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The national wealth service

Wealth has a habit of concentrating itself in the hands of the few – and IFAs want those hands to be their own.

Targeting the high-net-worth market is seen as an attractive survival strategy for IFAs. Not only IFAs, but the banks have been seeking to bolster profit margins by focusing on the rich too.

Wealth management services aimed at the mass affluent have been all the rage but Lloyds TSB&#39s delayed launch of Create suggests the market may be getting overcrowded. But IFAs at the top end of the market report no such congestion.

Towry Law director Clive Scott-Hopkins does not believe there are enough quality advisers for this segment. He says: “Most IFAs seem to be chasing the middle ground which is perhaps saturated. But they need to hone their skills for the upper end.”

So who are this upper end? According to the Office for National Statistics, the richest 1 per cent own around a quarter of the overall wealth of the nation. If you include the wealthiest 5 per cent and discount the value of their homes, this share of wealth goes up to 50 per cent.

Figures from analyst Data-monitor show that the top 5 per cent of IFA firms account for two-thirds of annual IFA business.

IFAs specialising in the high-net-worth market are unanimous that the one essential ingredient is to establish a client base. Tips given by practitioners on how to establish a list of prospects vary from combing through the local paper and having a decent website to advertising nationally and arranging seminars.

But above all, networking is required. Scott-Hopkins says: “IFAs wanting to target high-net-worth individuals should join the local golf club or rotary club to mix with the right quality people.”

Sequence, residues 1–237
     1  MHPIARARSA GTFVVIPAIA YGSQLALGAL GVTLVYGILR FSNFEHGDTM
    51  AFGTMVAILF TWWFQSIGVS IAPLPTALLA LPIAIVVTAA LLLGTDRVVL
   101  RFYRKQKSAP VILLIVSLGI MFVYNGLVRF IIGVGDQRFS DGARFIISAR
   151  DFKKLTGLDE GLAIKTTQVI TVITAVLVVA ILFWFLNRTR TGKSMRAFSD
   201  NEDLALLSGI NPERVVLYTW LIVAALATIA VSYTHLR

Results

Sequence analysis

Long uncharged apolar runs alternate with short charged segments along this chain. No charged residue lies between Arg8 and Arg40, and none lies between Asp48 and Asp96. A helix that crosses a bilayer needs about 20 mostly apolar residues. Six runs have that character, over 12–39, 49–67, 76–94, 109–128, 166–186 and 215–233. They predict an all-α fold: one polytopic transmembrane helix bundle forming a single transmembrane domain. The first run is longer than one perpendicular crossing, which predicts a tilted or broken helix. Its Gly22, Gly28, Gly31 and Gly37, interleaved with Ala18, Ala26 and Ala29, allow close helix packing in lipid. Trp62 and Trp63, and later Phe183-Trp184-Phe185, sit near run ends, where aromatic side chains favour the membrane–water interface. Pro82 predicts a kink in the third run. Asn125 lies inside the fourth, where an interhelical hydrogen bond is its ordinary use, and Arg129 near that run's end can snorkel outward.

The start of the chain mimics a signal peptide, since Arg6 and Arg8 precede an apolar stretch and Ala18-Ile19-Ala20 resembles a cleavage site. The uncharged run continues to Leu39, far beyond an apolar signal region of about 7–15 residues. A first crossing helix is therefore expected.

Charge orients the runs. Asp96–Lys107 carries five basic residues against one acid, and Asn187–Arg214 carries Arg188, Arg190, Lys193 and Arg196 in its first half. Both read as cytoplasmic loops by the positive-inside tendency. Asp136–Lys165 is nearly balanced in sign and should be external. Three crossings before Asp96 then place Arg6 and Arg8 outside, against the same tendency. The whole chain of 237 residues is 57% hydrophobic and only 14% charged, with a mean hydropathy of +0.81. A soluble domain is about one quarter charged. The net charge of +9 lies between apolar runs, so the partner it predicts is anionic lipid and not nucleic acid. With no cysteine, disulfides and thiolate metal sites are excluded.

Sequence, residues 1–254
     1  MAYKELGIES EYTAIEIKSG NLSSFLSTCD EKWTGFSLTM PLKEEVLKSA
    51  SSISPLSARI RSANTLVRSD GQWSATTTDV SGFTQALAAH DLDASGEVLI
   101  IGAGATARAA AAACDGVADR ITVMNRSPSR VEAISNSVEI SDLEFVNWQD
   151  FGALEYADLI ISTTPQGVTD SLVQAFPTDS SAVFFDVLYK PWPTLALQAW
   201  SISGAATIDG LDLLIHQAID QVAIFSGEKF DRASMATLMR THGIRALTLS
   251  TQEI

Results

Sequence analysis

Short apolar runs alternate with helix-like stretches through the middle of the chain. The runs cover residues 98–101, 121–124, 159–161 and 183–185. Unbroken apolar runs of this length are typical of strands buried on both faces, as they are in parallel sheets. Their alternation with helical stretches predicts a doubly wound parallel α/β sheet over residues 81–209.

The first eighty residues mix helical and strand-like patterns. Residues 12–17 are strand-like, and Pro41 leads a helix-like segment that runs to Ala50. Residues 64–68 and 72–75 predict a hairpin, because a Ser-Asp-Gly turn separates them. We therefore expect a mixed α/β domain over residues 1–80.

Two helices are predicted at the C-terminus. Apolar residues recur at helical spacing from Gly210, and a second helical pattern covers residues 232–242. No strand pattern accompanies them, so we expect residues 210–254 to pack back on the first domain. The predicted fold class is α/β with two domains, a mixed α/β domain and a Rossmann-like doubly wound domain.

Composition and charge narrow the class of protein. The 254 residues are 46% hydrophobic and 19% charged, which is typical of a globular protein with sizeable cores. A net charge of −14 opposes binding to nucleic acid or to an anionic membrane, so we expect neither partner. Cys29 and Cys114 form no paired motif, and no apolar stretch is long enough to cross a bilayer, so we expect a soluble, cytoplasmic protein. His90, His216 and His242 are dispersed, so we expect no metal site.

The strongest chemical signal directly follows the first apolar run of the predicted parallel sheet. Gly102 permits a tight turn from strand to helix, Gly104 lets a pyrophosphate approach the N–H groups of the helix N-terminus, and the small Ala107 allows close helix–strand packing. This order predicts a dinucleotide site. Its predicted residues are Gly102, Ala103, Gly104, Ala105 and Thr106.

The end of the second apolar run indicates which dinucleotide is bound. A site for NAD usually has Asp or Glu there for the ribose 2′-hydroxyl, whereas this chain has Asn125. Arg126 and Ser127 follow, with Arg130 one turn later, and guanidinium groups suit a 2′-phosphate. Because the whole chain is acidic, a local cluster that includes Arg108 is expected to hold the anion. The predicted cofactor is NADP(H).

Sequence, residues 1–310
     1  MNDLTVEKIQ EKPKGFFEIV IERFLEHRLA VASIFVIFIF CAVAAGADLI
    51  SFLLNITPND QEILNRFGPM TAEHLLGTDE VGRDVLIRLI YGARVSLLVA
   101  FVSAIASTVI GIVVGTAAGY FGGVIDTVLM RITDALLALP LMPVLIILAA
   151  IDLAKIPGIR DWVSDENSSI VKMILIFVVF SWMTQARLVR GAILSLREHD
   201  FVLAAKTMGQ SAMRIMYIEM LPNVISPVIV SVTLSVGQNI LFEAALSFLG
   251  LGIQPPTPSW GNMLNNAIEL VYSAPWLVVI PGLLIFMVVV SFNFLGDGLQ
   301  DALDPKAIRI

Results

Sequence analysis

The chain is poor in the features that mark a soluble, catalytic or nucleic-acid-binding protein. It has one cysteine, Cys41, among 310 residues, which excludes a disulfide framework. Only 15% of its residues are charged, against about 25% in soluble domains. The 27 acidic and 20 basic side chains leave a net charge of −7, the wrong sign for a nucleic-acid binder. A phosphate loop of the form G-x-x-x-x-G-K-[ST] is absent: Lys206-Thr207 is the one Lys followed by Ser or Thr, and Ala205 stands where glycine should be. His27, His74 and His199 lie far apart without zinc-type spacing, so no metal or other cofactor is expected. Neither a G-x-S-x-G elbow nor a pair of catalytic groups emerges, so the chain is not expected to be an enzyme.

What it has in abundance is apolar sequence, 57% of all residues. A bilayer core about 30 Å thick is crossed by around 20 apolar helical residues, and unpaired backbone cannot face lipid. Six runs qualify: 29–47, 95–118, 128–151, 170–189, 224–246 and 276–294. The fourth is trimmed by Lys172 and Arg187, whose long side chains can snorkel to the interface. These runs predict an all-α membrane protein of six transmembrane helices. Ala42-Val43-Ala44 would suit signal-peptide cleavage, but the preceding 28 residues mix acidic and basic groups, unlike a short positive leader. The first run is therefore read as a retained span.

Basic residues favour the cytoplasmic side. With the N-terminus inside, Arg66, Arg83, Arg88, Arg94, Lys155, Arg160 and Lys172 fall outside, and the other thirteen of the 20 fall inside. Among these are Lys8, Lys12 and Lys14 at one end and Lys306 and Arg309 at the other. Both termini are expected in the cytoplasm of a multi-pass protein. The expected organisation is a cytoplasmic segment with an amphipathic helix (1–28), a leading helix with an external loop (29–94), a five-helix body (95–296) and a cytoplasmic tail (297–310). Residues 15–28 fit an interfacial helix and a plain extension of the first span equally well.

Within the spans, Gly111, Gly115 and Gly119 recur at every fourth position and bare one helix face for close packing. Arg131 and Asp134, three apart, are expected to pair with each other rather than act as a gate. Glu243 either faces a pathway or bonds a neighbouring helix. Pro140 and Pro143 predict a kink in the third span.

There is no exact definition of what constitutes high net worth. For some, it means a minimum of £1m in net assets, for others it is six-figure sums.

Wealth itself matters less than liquidity, says Baron-worth Investment Services director Colin Jackson. If the money is all tied up in the home they live in, then they might have little need for financial advice.

Some point out that the wealth of the family might also be a factor – a person might not be particularly rich but could stand to inherit considerable amounts and so reward attention.

As for the skills needed, Byrne Williams managing director Tony Byrne says: “It is important to have no fear of people with a lot of money. It is not more difficult, it is just that there are more noughts after the figure you deal with.”

There are some areas where IFAs need to have considerable expertise in. Scott-Hopkins stresses the importance of convincing clients with fluency and expertise in the areas of estate planning and inheritance tax mitigation in particular.

Most IFAs at this end of the market either have their own in-house accountancy practice or close associations with accountants and solicitors and many say cross-referrals are mutually beneficial.

Byrne says: “One of the first things we do can be to pass to client to our in-house accounts first for advice on tax efficiency. But there is an old saying – don&#39t let the tax tail wag the investment dog.”

As well as particular professional expertise, IFAs have to adapt their people skills to match the expectations of the clientele.

Jackson says: “We have some very well known people on our books. Some who are very high profile also demand a Rolls-Royce service and they get it. Availability to the client is very important and they tend to want immediate answers so being adequately staffed is important to give the ongoing service required.”

The background of the clients also has an impact on the selling process. Many who have achieved wealth as a result of being astute busin-esspeople. So be prepared for clients who want to negotiate remuneration.

Other IFAs point out that clients&#39 knowledge varies at the top end of the market as much as anywhere else and some will have suddenly come into money through lottery wins or inheritance.

When it comes to products, many of clients will be best served by sophisticated tax shelters such a VCT, some of which might required referrals. Likewise, inheritance planning might require the client to be pointed in the direction of a specialist lawyers.

Byrne says clients also respect him for not being afraid to refer elsewhere if specialist expertise is required.

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